- Animals: poultry
- Animal Production: housing, free-range, feed rations
- Education and Training: demonstration, extension, workshop
- Farm Business Management: new enterprise development, budgets/cost and returns
- Pest Management: disease vectors, genetic resistance
- Sustainable Communities: new business opportunities, urban/rural integration
There is an urgent need to disseminate information on range production of naturally-mating, standard varieties of turkeys (aka “heritage” turkeys) to agricultural educators and producers in the South. Until the 1950s turkeys were reared on range as an important economic resource for family farms in the South. In the second half of the 20th century, turkeys were moved indoors and selected for rapid growth in confined, high-input systems. There is now a growing movement, motivated by both farmers and consumers, to move turkeys back on range. Through a SSARE Research & Education Grant (LS02-134) the American Livestock Breeds Conservancy (ALBC) and Virginia Tech have conclusive evidence that standard turkeys have more robust immune systems, better survivability, and superior overall performance in range production systems. A dramatic increase in public awareness and discriminating consumers seeking a high quality, specialty entrée for their holiday feasts is fueling market demand. As recently as 2001, the market for free-range “heritage” turkeys was virtually non-existent. In 2003, over 10,000 were sold through formal channels: many more found their way to holiday tables through informal channels. Farmers received $2 - $4 per pound, 2 - 5 times supermarket prices. The market demand is far from satisfied. Southern farmers have an opportunity to add range-reared turkey production to existing farm enterprises, adding an additional income stream with minimal financial outlay. Information on range production of standard turkeys is, however, dated and difficult to find. A collaboration of farmers, ALBC, Southern Sustainable Ag Coordinators, ATTRA, and Heifer International proposes to gather and disseminate information about range production of standard turkeys and will get this information to producers through the established networks and systems of the collaborators. The collaborators will develop a production manual and training course for ag educators. The manual will integrate information from early 20th century publications, written when turkeys were routinely reared on range; contemporary information generated in SARE projects; and experiential information from current range producers. The training course will familiarize ag educators with brooding, rearing, processing and marketing of standard turkeys, and provide them with resources needed to address inquiries and actively promote standard turkey production.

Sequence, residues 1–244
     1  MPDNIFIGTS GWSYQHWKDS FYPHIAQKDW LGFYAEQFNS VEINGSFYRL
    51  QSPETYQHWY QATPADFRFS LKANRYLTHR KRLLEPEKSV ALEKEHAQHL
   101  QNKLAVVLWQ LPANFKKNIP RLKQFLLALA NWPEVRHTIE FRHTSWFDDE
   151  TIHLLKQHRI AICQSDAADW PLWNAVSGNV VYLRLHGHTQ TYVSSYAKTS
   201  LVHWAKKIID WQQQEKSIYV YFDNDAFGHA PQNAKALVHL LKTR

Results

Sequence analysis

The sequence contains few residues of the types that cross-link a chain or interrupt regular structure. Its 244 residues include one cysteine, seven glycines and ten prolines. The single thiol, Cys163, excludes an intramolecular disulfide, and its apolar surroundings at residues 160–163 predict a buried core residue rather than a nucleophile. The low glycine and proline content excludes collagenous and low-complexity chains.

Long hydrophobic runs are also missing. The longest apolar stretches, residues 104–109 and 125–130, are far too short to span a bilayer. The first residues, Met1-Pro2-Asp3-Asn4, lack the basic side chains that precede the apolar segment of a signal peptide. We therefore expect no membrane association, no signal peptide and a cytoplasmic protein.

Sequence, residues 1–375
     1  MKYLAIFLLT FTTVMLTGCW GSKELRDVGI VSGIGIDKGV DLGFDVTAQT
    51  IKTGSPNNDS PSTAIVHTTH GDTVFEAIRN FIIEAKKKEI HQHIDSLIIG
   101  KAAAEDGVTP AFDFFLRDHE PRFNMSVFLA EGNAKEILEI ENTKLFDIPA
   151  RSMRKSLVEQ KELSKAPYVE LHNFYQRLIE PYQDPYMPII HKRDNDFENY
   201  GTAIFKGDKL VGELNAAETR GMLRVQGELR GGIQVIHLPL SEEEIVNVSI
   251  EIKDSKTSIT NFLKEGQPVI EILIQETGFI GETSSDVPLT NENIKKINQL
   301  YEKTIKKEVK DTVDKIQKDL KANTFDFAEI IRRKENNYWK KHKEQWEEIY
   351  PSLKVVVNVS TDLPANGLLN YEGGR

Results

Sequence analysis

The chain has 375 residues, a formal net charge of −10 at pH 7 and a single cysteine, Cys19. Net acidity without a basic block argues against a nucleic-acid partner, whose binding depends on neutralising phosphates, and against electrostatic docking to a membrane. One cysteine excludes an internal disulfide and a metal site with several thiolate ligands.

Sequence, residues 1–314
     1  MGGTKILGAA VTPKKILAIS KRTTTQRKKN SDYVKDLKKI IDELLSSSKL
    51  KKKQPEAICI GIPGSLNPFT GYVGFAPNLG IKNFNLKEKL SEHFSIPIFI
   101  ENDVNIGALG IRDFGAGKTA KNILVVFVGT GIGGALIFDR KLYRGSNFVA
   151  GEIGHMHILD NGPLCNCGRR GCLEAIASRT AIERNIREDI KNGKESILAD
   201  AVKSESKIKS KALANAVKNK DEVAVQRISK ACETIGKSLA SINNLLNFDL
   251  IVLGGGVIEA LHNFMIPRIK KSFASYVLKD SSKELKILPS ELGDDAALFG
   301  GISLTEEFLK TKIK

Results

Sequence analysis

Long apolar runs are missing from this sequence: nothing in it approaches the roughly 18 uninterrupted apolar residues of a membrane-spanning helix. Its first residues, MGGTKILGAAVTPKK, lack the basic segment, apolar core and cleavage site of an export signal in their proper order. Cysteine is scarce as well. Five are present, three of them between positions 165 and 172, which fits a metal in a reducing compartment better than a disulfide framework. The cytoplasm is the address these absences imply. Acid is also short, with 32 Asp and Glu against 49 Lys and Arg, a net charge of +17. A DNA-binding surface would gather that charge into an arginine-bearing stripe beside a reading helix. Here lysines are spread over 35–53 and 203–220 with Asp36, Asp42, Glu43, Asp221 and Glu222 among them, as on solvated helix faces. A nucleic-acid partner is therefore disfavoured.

Project objectives from proposal:
1.Ag professionals will become familiar with range production of standard turkeys. Participants will…
a. Be able to define the terms “naturally-mating”, “heritage” and “standard”;
b. Understand the recent research on standard turkeys which validates their conservation;
c. Understand the value of range production based on market trends and consumer preferences;
d. Be able to identify and name the standard varieties of turkeys;
e. Be able to outline the steps of range production from ordering poults through brooding, from pasturing and feeding through processing;
f. Be able to describe market niches, distribution options, and related regulations;
g. Be able to assist producers in developing a marketing strategy for this enterprise;
h. Be able to help farmers develop enterprise budgets and provide the economics of production based on regional and state specific data; and
i. Understand the regional infrastructure needed to successfully bring turkeys to the marketplace.
2. Ag professionals will be able to effectively disseminate information about range production of standard turkeys.